We have two different kinds of willows around a year-round pond, one type gets huge trunks and limbs and falls over.  The other is more slender with a million shoots on it that grow into slender branches.  They have their roots in the water for 7+ months a year, so their roots in the water are no problem.  

So the type of willow seems crucial for what you are talking about.  You might want to check with people who make furniture with bent willow branches, those are the skinny types of willows with lots of shoots.  

All of them grow like crazy, so you will have work to do on whatever type you plant.   While those photos you have posted look all great and under control, that is probably a short-lived, tidy view of those trees (if they were doing live trees)  Just picture hundreds of shoots coming off of every single one of those woven branches and the clipping/shearing you'd have to do.  A couple months later they are right back again.  

Even though there might be moving water in the trench for less than half a year, if that water is not sinking into the soil the willows would be relying on ground water the rest of the time.  Is there enough ground water there the rest of the year, a lot - a lot -  of ground water?  What other trees/berries are growing in that area that would indicate almost saturated soil?

There are bugs that eat willow trees.  We have beetles that turn them into sawdust internally, and then they get very unstable.  That may not be the case everywhere, but it does happen.

Maybe if you post a picture of your situation we could see what kinds of alternative might work?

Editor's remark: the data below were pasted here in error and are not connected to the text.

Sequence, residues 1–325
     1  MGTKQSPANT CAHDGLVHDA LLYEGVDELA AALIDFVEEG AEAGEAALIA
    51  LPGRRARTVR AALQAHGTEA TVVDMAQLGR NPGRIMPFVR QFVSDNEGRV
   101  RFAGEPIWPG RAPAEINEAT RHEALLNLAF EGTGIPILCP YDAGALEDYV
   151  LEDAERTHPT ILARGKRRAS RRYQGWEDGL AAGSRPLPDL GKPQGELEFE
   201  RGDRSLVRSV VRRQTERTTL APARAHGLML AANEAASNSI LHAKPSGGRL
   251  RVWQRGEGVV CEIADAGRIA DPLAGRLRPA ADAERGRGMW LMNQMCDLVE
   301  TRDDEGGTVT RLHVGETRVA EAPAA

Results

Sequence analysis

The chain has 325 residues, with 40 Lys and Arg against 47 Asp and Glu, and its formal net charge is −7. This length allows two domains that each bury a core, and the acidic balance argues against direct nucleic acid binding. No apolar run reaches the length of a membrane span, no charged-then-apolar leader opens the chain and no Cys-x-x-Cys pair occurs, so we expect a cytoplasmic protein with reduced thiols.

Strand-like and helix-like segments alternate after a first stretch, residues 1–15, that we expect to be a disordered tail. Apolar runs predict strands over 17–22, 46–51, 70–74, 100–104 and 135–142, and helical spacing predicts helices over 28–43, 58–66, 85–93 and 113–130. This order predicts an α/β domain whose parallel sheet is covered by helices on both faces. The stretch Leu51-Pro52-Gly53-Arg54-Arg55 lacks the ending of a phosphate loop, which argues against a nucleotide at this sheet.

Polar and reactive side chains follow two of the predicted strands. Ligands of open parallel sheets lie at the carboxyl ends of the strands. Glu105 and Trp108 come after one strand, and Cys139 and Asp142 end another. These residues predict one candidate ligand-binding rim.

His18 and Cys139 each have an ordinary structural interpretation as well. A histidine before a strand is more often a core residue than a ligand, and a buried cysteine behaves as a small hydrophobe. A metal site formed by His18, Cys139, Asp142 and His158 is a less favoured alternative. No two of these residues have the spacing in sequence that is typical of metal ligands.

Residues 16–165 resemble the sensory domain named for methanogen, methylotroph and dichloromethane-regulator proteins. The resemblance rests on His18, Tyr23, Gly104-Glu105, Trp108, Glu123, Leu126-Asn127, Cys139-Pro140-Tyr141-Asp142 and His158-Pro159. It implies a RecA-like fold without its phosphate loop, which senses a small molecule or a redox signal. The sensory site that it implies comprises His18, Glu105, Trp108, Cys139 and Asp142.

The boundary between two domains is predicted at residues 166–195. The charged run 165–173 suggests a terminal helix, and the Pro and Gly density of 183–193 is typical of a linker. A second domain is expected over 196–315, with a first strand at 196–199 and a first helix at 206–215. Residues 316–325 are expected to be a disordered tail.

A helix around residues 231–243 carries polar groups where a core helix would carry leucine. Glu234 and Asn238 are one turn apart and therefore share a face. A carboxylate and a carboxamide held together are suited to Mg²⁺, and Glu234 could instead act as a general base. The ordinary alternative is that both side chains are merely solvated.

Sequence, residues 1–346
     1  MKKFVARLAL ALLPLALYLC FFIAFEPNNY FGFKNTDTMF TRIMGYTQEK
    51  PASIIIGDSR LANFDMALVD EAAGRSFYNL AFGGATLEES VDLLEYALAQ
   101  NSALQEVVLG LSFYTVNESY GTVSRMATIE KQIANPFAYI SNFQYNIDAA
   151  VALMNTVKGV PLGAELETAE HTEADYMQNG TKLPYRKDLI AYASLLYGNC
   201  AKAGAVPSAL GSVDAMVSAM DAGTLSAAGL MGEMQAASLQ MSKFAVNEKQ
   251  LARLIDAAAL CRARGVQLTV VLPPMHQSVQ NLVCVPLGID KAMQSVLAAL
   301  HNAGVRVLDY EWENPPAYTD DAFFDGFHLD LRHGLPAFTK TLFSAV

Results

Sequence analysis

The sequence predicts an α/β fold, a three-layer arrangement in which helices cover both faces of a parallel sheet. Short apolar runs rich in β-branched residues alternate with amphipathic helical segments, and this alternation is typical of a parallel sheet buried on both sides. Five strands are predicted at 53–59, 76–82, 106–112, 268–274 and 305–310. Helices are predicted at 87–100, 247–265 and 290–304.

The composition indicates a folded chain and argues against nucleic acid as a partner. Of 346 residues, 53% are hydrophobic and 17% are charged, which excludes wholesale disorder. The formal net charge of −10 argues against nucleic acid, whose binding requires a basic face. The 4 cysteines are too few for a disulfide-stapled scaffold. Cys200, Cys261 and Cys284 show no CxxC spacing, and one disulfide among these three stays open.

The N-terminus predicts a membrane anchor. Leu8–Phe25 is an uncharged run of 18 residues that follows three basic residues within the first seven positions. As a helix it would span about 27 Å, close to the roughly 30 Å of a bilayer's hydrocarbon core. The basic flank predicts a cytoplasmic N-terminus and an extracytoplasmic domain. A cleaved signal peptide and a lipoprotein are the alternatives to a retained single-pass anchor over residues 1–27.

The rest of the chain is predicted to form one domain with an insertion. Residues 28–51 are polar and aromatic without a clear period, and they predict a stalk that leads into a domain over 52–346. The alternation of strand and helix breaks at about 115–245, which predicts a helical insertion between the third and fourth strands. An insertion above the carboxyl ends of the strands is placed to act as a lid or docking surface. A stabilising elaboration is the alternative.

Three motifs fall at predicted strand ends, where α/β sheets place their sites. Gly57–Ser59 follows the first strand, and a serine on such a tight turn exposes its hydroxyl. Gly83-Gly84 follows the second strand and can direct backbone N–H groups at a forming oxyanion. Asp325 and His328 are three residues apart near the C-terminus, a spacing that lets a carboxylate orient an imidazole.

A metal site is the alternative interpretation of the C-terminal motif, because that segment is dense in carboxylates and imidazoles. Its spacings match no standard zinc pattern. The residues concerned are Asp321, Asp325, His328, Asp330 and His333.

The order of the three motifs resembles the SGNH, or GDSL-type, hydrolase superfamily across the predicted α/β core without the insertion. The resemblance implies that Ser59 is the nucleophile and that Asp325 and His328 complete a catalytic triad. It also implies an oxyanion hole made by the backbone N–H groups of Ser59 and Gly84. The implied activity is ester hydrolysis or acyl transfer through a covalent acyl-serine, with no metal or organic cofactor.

1 month ago
Search under Vermicomposting Flush Toilet.  

I have found the best information at this website,, lots of diagrams and photos, people really doing it.
1 month ago
We always thought it smelled like artichokes, but there are quite a few plants that have scents that just don't work for everyone.

Mountain Misery has its benefits, as listed below, and is an important part of the forest environment, as well as a food source for black-tailed deer.  I am not recommending whatever kind of herbal uses it has, this is just info.

Because it's a ground cover, if you have a heavy duty mower or tractor with an attachment, it can be mowed so that the greenery is always cut off, then the roots cannot be fed.  This will require mowing whenever greenery shows up again, which in the spring could be every few weeks.  But unless it's really in the way, causing you problems, maybe it is actually something good as part of the balance of where you live.  If it's not getting into the septic lines, and no one is allergic to it, you have enough room for a garden and grazing for animals, it maybe should be trimmed around the edges instead of eradicated.


- Nitrogen fixation
- prevents runoffs and landslides
- seldom grows tall enough to create a ladder to fuel a fire
- major source of food for black-tailed deer during their winter migration
- indication of ground water
- it is involved in ground fires that help keep the forest clear of brush and flammable debris.

Chamaebatia foliolosa, Mountain misery was used by the Indians of the Sierras as a medicine for various diseases like flues, colds, coughs, etc. Take one leaf cluster of 4 or 5 leaves and steep it in a cup of hot water for 15-20 min. at the first symptoms of an illness. Somehow drink the tea.